2. Standardized Testing
Standardized testing is a valuable tool in assessing teacher effectiveness as well as student needs. In order to limit other variables, the testing data should include multiple years. This data will not be limited to the individual teacher's test data. It would also include scores from that teacher's entire grade level. This would encourage collaboration and not competition. Competition among teachers is detrimental to successful schools.

3. Student Portfolios
A rubric should be developed to evaluate the work completed in class by students. An emphasis should be placed on skills that standardized tests do not assess. Attributes such as creative and critical thinking skills should be paramount on the list. Student created work, including group work, is a vital part of authentic learning. Thus, it needs to be part of how we evaluate teachers.

4. Peer Assessment
Teachers work closely together and we are able to provide accurate input on our peers. The assessment has to be designed to focus on teaching practices, not personal compatibility or likability.

5. Contribution Index
Many teachers impact their schools beyond their classroom walls. These teachers provide leadership (often with no compensation) that is invaluable to the school, other teachers, and the students. They may be grade level leaders, mentors, technology leaders, etc. Effective teachers don't work in a vacuum.

6. Community Assessment
This assessment would have to be carefully designed to prevent a popularity contest. Similar to the use of standardized tests, the data would include multiple years to limit the effects of outliers. This information would provide valuable feedback to the teacher.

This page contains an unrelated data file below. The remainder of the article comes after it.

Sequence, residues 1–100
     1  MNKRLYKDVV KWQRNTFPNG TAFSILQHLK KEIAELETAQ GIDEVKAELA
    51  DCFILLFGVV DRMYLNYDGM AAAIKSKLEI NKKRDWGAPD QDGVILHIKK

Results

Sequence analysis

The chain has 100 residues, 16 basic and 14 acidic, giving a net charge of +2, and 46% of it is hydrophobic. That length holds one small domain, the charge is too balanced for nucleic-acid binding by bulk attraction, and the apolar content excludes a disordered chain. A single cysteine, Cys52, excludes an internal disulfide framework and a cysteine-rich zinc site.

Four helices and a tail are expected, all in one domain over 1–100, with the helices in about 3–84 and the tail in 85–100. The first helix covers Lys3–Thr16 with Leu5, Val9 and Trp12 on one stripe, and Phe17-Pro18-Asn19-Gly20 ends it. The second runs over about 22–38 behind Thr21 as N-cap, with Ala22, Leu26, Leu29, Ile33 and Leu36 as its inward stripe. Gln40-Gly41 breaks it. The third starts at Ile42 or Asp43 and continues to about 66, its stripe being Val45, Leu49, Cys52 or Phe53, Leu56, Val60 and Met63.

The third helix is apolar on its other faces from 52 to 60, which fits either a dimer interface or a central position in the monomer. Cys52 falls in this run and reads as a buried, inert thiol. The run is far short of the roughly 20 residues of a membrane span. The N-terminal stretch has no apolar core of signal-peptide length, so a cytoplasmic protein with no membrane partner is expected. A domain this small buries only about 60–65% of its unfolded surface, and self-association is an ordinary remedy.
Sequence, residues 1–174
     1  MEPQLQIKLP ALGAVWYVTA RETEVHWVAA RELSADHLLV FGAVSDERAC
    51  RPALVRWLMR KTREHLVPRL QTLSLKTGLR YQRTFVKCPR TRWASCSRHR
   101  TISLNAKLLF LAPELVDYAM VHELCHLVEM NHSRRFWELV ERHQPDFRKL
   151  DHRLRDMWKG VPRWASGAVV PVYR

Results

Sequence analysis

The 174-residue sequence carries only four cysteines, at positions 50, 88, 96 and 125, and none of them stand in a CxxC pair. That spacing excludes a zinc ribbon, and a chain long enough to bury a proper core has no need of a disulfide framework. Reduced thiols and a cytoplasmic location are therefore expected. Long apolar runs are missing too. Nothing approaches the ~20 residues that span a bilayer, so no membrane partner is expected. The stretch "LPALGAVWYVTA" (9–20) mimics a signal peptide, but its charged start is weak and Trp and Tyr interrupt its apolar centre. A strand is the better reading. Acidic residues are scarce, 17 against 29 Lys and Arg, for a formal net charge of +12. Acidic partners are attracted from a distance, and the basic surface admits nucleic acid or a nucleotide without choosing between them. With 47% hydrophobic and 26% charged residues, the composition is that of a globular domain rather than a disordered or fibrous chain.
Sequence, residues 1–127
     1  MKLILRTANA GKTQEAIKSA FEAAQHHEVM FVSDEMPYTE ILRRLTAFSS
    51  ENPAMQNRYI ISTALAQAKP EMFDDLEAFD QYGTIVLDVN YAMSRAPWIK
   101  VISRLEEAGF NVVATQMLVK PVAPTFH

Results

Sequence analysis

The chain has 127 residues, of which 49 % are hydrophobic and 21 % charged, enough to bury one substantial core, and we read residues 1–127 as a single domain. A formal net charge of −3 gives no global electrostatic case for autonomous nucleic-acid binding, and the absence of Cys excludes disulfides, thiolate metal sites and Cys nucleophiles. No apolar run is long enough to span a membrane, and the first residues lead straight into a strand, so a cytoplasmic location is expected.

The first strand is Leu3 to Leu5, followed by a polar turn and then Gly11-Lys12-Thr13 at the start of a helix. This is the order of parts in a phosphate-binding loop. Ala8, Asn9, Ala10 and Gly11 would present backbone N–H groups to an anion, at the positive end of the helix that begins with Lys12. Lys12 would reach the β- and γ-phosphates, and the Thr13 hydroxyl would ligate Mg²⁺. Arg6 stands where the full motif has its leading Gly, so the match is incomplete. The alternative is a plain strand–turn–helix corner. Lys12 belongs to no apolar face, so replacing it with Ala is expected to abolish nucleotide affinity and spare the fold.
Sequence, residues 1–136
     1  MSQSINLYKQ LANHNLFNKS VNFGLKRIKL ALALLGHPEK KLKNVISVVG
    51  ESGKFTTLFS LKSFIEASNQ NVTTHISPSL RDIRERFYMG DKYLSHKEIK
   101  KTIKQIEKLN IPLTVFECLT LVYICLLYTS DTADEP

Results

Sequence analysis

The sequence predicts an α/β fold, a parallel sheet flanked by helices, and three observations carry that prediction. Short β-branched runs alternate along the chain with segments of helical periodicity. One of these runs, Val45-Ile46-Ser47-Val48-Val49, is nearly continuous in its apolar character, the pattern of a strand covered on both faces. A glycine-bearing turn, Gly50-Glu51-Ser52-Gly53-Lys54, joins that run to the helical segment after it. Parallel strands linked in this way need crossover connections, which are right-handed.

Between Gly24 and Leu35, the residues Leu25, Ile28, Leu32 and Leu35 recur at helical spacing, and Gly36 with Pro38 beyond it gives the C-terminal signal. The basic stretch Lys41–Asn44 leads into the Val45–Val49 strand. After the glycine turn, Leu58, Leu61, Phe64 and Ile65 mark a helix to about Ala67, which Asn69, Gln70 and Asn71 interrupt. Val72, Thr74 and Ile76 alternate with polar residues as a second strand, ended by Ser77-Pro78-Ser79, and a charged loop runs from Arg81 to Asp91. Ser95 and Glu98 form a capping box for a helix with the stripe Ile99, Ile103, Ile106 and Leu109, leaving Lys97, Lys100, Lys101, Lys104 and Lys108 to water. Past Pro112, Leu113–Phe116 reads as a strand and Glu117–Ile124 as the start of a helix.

A comprehensive assessment will not only give us a better understanding of teacher effectiveness, it will also provide us with an important tool for improvement. These evaluations would identify strengths and weaknesses and these would be used to create a written plan with goals for improvement for the teacher. If a teacher is rated as ineffective they will be placed on an improvement plan.

I'm afraid we will settle for the quick and easy road to accountability. This is a huge disservice to our students. It also demeans the contributions of educators who sacrifice time, talent, and treasure to improve the lives of students across our nation. A one-dimensional approach to evaluating teachers/schools will have an adverse affect on education.

This is only one piece of the pie when it comes to improving schools. Unfortunately many are treating it like it's the whole pie. All areas of education including lesson design, teaching strategies, curriculum, administrative functions, etc. all need to be examined and updated to meet the challenges we face in education.

We have to have to get it right or we will continue to struggle in our attempts to improve education.